more details, since I have not used Xilinx parts much since then).

Presumably this is because the speed improvement has improved the
clock-Q timing by a larger factor than it has improved the worst-case
interconnect delays. This would break any shift-reg sort of circuit.
So we are now right back to routing ACLK/GCLK to *every* D-type, and
using clock enables, together with what is sometimes silly extra logic
to generate the clock-enable at the right time. Lots of milliwatts!


Peter.

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E-mail replies to z80@digiserve.com.
Article: 7020
Subject: Re: VHDL Synthesis in Xilinx Foundation Series
From: garyk@svpal.svpal.org (George Noten)
Date: 23 Jul 1997 20:18:02 GMT
Links: << >>  << T >>  << A >>
A.C.Rochat (arjan.rochat@pi.net) wrote:
: If you are planning to use version 2.2 or earlier, forget it.

: The Foundation package contains software by Xilinx and Aldec.

: The Aldec part (VHDL, Schematic capture, simulation) has a very fancy
: GUI and fancy functionality, but it simply does not work.

: The Aldec software performed so bad that we decided to halt the project
: altogether.

: Now, a jear later i am planning to take the project up again, if there
: is goed software
: available and Xilinx is willing to give it to mee free. (Yes _FREE_!
: Xilinx owes me one!)

: Positive notes:
: The software written by Xilinx themselves is OK.
: The support from the Xilinx distributor here in Holland is realy
: exelent!!

This reminds me very much of my own experience with Viewlogic PROseries.
The only good part of it was the beta-test version of Speedwave simulator.
The synthesis just did not work.  Now I know that PRO-/View- synthesis
tools are not to be trusted.  You are telling me that neither is Aldec.
Can anybody recommend something that is good enough and does not cost
you your life savings?  What about the new VHDL synthesis tool from MINC?

	George.  
Article: 7021
Subject: Why fast message delete in this group?
From: "Peter Welten" <welten@miles.nl>
Date: 23 Jul 1997 20:24:53 GMT
Links: << >>  << T >>  << A >>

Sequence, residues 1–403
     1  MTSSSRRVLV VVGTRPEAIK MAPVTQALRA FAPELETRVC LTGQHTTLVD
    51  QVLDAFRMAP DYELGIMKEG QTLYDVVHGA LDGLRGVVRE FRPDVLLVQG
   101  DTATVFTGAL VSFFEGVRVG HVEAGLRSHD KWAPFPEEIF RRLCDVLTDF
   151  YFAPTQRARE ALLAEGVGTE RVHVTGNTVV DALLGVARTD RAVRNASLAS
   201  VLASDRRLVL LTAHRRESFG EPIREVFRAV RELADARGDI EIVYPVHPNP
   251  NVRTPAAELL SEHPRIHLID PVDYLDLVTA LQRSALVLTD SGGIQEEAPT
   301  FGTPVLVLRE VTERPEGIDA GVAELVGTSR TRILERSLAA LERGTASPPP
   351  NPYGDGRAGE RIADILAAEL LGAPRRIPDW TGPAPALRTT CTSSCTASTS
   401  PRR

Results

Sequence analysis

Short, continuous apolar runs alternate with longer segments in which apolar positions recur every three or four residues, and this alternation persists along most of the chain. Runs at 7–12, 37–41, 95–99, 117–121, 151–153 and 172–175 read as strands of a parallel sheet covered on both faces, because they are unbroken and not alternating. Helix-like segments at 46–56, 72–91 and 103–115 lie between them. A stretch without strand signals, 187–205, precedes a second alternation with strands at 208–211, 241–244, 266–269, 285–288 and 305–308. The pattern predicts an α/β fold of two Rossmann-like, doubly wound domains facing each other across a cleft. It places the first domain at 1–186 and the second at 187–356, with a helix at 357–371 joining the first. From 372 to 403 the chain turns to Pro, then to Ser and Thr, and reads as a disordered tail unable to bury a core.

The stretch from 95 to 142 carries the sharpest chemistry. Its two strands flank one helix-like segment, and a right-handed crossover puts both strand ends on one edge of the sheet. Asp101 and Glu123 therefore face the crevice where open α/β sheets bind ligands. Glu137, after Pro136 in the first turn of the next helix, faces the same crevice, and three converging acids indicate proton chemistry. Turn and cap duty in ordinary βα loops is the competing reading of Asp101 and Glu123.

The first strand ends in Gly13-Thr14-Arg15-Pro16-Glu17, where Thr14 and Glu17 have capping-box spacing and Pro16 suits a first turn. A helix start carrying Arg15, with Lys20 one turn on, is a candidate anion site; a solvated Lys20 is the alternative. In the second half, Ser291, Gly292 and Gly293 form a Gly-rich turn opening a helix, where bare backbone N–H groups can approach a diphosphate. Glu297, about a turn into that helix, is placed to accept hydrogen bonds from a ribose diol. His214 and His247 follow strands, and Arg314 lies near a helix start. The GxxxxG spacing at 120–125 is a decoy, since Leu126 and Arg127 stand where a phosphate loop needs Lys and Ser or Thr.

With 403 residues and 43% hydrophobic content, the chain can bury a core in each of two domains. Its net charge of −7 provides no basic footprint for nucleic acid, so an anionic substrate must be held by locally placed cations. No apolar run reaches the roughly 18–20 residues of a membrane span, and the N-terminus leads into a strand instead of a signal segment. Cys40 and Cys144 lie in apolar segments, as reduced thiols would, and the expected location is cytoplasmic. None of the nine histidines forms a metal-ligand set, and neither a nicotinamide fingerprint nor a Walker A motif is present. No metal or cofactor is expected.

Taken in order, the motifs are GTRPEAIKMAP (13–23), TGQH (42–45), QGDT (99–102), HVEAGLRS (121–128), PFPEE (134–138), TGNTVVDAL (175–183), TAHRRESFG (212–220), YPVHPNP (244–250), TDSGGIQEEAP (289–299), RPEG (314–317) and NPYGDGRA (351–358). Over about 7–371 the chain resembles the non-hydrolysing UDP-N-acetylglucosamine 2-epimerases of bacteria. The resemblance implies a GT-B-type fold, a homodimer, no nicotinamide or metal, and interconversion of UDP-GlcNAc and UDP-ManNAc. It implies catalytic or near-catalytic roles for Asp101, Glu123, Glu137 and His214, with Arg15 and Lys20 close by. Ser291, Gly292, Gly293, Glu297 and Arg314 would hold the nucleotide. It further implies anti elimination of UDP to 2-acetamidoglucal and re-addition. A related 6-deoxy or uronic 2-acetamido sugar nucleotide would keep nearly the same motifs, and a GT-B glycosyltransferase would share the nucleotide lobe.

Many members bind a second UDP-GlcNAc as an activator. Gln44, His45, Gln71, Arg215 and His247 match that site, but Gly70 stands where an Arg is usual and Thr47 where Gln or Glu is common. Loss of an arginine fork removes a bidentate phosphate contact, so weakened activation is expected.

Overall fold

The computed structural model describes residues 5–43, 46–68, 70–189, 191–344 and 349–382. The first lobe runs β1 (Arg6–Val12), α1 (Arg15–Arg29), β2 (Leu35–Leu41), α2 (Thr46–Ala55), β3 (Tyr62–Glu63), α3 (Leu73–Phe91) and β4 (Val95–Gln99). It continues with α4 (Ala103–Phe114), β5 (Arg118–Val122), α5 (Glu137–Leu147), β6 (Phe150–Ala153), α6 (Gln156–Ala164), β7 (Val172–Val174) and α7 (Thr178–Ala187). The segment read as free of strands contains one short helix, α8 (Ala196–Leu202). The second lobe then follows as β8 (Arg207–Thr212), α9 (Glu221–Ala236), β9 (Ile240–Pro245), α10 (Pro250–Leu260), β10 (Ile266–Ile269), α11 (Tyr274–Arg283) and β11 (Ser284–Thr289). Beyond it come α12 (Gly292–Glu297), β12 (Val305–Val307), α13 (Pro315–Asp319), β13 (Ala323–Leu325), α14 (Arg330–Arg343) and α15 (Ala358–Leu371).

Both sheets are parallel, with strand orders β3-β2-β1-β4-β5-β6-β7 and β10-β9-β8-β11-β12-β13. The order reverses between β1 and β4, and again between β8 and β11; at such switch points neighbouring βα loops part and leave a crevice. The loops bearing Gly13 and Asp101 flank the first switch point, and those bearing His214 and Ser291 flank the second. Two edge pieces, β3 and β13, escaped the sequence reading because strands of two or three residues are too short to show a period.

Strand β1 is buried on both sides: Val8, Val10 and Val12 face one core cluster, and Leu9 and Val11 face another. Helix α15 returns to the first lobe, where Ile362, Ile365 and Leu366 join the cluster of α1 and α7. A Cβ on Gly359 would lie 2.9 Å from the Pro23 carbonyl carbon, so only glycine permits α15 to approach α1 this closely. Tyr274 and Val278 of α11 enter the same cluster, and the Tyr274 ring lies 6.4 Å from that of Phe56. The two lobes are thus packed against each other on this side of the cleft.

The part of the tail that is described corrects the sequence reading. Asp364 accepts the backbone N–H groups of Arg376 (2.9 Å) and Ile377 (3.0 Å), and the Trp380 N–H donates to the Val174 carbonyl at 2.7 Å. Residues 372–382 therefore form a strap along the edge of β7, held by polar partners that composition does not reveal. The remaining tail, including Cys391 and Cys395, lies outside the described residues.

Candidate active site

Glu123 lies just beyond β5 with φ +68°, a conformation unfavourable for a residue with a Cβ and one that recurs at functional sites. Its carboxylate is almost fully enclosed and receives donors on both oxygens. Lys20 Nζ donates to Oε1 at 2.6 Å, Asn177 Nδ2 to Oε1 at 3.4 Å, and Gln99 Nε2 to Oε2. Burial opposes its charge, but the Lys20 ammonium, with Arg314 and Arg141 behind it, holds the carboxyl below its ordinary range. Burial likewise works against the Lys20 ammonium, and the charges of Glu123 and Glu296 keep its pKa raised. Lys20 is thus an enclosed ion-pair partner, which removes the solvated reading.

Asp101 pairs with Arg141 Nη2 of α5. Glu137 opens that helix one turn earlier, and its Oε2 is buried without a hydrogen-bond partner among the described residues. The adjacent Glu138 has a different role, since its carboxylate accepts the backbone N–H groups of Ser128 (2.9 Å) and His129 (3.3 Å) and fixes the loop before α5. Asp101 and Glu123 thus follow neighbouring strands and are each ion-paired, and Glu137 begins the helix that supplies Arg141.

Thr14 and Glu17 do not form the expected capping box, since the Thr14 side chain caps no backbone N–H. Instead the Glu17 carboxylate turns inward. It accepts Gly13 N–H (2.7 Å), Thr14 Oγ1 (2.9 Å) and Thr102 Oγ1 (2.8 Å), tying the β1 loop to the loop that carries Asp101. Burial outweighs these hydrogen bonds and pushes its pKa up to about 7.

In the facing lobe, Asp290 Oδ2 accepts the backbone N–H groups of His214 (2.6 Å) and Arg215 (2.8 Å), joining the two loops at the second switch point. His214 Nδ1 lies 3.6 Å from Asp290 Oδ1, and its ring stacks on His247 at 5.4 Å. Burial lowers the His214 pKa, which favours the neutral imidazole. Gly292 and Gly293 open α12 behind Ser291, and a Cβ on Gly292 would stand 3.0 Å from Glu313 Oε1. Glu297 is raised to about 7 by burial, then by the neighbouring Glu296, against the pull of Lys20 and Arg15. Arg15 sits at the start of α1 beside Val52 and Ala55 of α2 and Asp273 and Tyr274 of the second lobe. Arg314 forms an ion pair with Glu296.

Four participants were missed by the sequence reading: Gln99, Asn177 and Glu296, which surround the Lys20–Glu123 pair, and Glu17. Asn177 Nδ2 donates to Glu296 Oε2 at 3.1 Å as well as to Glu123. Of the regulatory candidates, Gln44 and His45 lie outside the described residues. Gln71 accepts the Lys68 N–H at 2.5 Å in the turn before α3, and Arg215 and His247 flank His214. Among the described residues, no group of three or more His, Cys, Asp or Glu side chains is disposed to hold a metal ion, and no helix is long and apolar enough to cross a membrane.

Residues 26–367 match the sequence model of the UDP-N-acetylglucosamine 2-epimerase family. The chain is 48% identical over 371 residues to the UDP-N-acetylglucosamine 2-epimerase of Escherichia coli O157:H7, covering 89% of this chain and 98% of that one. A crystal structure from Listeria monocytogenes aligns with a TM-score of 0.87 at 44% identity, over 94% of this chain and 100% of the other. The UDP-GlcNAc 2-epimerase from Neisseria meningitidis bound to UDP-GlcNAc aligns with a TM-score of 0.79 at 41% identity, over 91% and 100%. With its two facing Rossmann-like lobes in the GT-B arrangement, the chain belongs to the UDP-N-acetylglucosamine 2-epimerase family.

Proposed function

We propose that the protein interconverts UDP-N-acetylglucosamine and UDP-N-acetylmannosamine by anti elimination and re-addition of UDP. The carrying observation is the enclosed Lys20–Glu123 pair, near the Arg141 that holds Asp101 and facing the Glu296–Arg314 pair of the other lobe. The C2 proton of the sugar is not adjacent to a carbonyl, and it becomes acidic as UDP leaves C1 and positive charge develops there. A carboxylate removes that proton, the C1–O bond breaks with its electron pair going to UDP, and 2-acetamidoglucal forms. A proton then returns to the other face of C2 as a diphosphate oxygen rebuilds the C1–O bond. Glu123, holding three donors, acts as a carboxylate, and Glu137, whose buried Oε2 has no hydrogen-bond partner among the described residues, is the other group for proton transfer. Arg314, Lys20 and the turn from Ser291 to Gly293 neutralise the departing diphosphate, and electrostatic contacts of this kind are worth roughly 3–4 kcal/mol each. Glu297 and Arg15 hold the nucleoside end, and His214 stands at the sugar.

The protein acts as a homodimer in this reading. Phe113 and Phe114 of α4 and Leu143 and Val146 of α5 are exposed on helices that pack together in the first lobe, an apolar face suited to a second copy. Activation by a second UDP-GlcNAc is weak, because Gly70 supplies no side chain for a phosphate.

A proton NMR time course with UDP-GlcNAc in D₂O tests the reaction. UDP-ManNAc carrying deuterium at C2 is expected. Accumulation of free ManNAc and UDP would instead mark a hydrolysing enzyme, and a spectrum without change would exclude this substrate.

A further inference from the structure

Hello fellow newsgroup users,

On 16-7-97 I posted a question in this newsgroup about selection criteria
for FPGA's and CPLD's.

Some of you kindly responded on 16 and 17-7-97 (Philip Freidin, Brian
Dipert (twice), L. Kumpa).

When I came to see if any answers were there (23/7/97, I'm a busy guy), all
these messages were apparantly deleted from the server, that is, I could
still see what messages had been posted, but the messages themselves were
gone.

Why?

Peter Welten
Article: 7022
Subject: Re: Why fast message delete in this group?
From: Peter Alfke <peter@xilinx.com>
Date: Wed, 23 Jul 1997 17:40:36 -0700
Links: << >>  << T >>  << A >>
There is something strange going on here. 
I see only five postings in the whole week between July 9 and July 16.
Where is the killer ?

Peter Alfke
Article: 7023
Subject: Re: Why fast message delete in this group?
From: fliptron@netcom.com (Philip Freidin)
Date: Thu, 24 Jul 1997 05:36:15 GMT
Links: << >>  << T >>  << A >>
> why do articles dissapear so fast?
>Peter Welten

The life of articles in a news group is a function of you news
administration at your ISP. There is no central site for all news, it is
distributed and duplicated at thousands of sites. (the usenet news group
system was invented by disk drive manufacturers). There is an archive
of articles for this news group at:

  http://www.super.org:8000/FPGA/

where you can read my replies over and over again.

Philip  :-)

Article: 7024
Subject: Re: Why fast message delete in this group?
From: Tim Forcer <tmf@ecs.soton.ac.uk.nojunk>
Date: Thu, 24 Jul 1997 08:47:21 +0100
Links: << >>  << T >>  << A >>
Peter Welten wrote about being unable to see responses to his July 16
post "Selection Criteria for CPLD's/FPGA's"

Have a word with your service provider (NLnet?).  All news servers
retire posts after a given duration.  The duration will vary between
newsgroups and servers.  For instance, alt.binaries.* will expire
rapidly, but "local interest" (eg nl.* in your case) may be kept for
weeks or months.  The providers aren't trying to make the net ephemeral,
it's just they have to manage a vast number of bytes represented by up
to hundreds of posts per day on a quite enormous number of newsgroups.

Try to convince your service provider that comp.* groups are
responsible, don't get binaries posted to them, and don't contain porn
(although we seem to get as much spam porn adverts as most - but that's
another problem).  They may then increase the hold time.

For more info on things like this, look at
<news:news.announce.newusers>.

Tim Forcer               tmf@ecs.soton.ac.uk
Department of Electronics & Computer Science
The University of Southampton, UK

The University is not responsible for my opinions